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Max Perutz


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Max Perutz
Perutz in 1962
BornMax Ferdinand Perutz
19 May 1914
Vienna, Austria-Hungary
Died6 February 2002(2002-02-06) (aged 87)
Cambridge, Cambridgeshire, England
NationalityBritish
FieldsMolecular biology
Crystallography
InstitutionsUniversity of Cambridge
Laboratory of Molecular Biology
Alma mater
Doctoral advisorJohn Desmond Bernal
Doctoral students
Known forHeme-containing proteins
Notable awards

Max Ferdinand Perutz FRS OM CBE (19 May 1914 – 6 February 2002) was an Austrian-born British molecular biologist.

He shared the 1962 Nobel Prize in Chemistry with John Kendrew, for their studies of the structures of haemoglobin and globular proteins. The method used was mainly X-ray crystallography.

He went on to win the Royal Medal of the Royal Society in 1971 and the Copley Medal in 1979. At Cambridge he founded and chaired (1962–79) The Medical Research Council Laboratory of Molecular Biology, fourteen of whose scientists have won Nobel Prizes. Perutz's contributions to molecular biology in Cambridge are documented in The History of the University of Cambridge: Volume 4 (1870 to 1990) published by the Cambridge University Press in 1992.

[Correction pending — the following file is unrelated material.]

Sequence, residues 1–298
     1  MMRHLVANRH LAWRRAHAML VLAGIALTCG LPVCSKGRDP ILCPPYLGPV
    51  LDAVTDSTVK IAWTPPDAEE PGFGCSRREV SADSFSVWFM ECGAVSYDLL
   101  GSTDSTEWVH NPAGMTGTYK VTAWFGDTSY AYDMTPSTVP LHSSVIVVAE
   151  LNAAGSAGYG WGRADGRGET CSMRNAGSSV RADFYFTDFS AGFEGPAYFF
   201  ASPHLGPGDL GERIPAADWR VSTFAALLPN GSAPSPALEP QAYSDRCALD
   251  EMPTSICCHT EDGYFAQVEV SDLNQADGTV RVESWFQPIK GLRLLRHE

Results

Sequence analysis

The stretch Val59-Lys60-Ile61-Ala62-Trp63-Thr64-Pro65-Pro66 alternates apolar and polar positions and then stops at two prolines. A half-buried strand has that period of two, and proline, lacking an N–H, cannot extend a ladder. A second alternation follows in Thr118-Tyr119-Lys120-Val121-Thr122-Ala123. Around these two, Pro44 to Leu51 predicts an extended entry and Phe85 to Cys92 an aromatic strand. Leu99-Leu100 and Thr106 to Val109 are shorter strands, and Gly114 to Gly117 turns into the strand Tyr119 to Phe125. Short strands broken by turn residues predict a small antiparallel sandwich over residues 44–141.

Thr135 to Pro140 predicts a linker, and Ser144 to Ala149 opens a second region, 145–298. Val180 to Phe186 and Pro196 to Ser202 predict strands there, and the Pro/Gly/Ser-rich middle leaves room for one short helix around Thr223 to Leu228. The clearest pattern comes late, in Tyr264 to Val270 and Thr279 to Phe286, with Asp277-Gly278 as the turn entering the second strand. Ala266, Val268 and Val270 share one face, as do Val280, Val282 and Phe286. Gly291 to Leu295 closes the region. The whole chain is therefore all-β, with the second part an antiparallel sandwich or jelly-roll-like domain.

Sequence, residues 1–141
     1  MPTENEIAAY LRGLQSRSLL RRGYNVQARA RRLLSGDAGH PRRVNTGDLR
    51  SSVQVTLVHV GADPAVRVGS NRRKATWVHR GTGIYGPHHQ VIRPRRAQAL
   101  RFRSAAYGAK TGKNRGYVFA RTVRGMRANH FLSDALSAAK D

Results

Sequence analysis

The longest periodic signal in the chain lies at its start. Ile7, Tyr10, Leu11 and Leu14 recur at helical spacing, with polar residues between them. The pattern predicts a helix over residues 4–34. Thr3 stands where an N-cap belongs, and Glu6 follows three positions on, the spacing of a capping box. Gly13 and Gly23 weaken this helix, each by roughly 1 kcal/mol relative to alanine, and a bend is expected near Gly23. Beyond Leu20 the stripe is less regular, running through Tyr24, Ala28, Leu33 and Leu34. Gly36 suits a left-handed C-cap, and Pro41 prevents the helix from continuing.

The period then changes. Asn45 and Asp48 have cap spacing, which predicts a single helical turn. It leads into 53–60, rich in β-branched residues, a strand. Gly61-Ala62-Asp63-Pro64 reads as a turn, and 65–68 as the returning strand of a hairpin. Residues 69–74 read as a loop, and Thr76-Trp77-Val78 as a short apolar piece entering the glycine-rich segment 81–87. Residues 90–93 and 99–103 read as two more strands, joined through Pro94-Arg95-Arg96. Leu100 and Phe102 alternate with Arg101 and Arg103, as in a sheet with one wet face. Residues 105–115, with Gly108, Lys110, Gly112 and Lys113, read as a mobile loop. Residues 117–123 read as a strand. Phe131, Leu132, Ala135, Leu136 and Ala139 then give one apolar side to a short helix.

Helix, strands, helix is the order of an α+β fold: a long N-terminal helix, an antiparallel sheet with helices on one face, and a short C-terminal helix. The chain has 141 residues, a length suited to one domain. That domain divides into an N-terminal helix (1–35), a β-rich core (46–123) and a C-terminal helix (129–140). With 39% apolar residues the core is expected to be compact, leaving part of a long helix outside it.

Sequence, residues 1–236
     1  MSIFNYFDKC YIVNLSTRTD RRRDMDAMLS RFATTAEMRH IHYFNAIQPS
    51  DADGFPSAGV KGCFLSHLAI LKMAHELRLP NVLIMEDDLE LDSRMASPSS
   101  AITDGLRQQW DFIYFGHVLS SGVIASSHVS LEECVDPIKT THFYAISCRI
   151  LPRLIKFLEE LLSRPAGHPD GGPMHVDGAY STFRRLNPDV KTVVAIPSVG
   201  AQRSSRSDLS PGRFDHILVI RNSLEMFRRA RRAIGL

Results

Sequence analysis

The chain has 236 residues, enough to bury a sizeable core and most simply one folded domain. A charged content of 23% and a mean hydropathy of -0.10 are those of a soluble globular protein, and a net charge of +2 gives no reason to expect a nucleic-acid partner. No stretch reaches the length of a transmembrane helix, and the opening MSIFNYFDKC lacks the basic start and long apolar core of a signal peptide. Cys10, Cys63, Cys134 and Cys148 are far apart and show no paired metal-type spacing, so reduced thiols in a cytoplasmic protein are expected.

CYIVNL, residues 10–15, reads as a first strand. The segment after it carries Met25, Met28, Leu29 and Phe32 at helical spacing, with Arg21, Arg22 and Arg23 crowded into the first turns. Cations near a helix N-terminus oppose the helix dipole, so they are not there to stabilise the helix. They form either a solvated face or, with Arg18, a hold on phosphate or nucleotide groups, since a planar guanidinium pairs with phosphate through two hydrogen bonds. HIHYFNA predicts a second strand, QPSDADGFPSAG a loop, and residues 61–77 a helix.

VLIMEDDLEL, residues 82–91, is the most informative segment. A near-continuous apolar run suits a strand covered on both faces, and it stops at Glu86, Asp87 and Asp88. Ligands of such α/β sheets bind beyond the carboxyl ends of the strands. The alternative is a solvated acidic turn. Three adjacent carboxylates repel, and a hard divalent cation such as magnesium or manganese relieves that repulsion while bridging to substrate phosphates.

Perutz was born in Vienna, Austria. His family was Jewish. He had worked in Cambridge (Peterhouse College) since 1936, and moved to Britain permanently after the Anschluss, the Nazi takeover of Austria. He did his war work in Canada, and returned to Cambridge after the war. Max did some of his most important work after winning the Nobel award, and is still held in the highest esteem.[4]

Books by Perutz

  • 1989. Is science necessary? Essays on science and scientists. London. Barrie and Jenkins.

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    ISBN 0-7126-2123-7
  • 1997. Science is not a quiet life : unravelling the atomic mechanism of haemoglobin. Singapore. World Scientific.

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    ISBN 981-02-3057-5
  • 2002. I wish I’d made you angry earlier: essays on science, scientists and humanity. Cold Spring Harbor, New York. Cold Spring Harbor Laboratory Press.

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    ISBN 0-87969-674-5

References

This person won a Nobel Prize